There are many providers that can accept for South Africa, including Swissquote and others.
The better question to ask is if Tesla is a good buy. That is a topic for another answer though.
Are shorting stocks really worth it?
I have noticed a commonality both from the data and my own, anecdotal experience.
Over a one-year period, I have noticed that countless people can win from shorting stocks.
Even over a 5–6-year period, many can win shorting stocks. By win, I mean beat the market.
Over a 20, 30 or 40-year period, it is very difficult to beat the market by shorting stocks.
There are many reasons for that
- Firstly, stocks as a group hit record highs regularly. Look at the Dow. It was at 66 in 1900, 2,000 in the early 1990s and is now at 30,400. Now sure, that doesn’t mean the market always goes up. Individual stocks go down and even go to zero sometimes, like Lehman in 2008–2009. Yet you are betting against an asset class which usually rises, as opposed to something which is usually stagnant long-term (for example commodities)
2. As a result of the first point, you need to hope that you can pick the right stocks to short. In the same way a stock picker wants to pick the next Netflix, somebody shorting stocks needs to find the next Lehman or something that won’t perform well. That is very difficult, as there are so many unknown variables. For example, nobody would have predicted a year ago that the airlines would be the big losers due to one of the worst pandemics in history. Even fewer people would have predicted that the overall market would have done well.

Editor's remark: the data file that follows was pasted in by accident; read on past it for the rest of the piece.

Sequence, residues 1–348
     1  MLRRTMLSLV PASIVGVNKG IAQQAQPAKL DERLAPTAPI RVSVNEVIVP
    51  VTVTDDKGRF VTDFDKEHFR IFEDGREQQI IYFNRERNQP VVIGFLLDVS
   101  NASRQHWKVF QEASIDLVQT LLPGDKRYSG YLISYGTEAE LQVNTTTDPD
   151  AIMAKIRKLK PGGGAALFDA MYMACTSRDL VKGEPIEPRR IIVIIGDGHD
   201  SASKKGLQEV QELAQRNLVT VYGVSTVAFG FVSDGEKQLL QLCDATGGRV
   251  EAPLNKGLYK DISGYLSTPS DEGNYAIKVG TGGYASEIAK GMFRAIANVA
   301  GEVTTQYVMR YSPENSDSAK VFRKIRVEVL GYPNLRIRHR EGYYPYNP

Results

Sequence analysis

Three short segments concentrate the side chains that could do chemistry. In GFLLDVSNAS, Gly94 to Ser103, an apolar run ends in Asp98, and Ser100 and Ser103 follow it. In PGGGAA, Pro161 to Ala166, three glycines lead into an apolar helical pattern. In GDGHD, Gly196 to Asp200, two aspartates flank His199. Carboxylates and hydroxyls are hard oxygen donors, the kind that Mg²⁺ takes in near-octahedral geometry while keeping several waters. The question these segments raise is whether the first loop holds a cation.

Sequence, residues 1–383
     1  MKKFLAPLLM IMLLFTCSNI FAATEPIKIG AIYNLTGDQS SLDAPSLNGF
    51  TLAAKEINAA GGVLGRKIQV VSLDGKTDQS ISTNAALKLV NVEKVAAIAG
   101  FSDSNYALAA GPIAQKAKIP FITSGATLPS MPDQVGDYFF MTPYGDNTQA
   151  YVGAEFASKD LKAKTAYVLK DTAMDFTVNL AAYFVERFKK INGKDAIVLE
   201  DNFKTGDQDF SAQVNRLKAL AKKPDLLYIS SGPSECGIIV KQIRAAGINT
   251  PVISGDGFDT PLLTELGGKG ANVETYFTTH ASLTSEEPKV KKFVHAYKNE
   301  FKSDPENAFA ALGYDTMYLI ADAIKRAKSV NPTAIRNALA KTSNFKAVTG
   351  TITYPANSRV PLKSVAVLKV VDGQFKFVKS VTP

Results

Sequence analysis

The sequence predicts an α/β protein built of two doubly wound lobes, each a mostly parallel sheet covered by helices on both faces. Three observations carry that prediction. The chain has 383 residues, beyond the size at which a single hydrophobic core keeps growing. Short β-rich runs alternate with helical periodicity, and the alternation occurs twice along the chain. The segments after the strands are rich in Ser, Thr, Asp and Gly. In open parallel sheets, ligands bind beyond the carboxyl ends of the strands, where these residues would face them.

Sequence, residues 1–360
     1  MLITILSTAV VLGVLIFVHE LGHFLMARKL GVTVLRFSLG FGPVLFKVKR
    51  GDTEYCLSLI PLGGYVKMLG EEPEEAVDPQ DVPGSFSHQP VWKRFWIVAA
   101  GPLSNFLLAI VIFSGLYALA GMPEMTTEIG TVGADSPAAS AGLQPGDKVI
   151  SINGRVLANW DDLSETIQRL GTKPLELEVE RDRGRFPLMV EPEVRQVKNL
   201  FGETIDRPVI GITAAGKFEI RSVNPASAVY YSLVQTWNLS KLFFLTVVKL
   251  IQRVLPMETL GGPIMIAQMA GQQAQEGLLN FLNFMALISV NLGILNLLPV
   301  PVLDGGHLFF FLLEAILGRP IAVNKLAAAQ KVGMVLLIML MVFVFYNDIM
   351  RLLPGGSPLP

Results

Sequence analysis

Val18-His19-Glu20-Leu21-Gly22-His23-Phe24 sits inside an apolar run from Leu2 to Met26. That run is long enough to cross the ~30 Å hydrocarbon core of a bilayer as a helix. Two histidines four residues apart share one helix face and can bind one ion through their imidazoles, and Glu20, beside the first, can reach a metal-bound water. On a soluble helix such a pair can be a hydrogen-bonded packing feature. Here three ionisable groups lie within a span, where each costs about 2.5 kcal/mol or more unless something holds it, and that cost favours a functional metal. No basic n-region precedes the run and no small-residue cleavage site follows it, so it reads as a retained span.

3. Now let’s say you do get lucky for a number of years. Maintaining that over the long-term gets harder. Moreover, unlike buy and hold investors, you can’t reinvest dividends, and you face higher average costs due to the buying and selling.
4. The periods when the overall stock market are down isn’t easy to predict. People who get one prediction right, tend to get the next one wrong. A simple example of that was 2008. Few people predicted it. From those that did, 90% didn’t expect the market to bounce back so quickly. Same with 2020. Few saw it coming. From those that did, I would say less than 1% saw such a quick recovery which took months and not years.
Let’s also not forget that everybody now has the same information. If you have special information, that is insider trading, and illegal.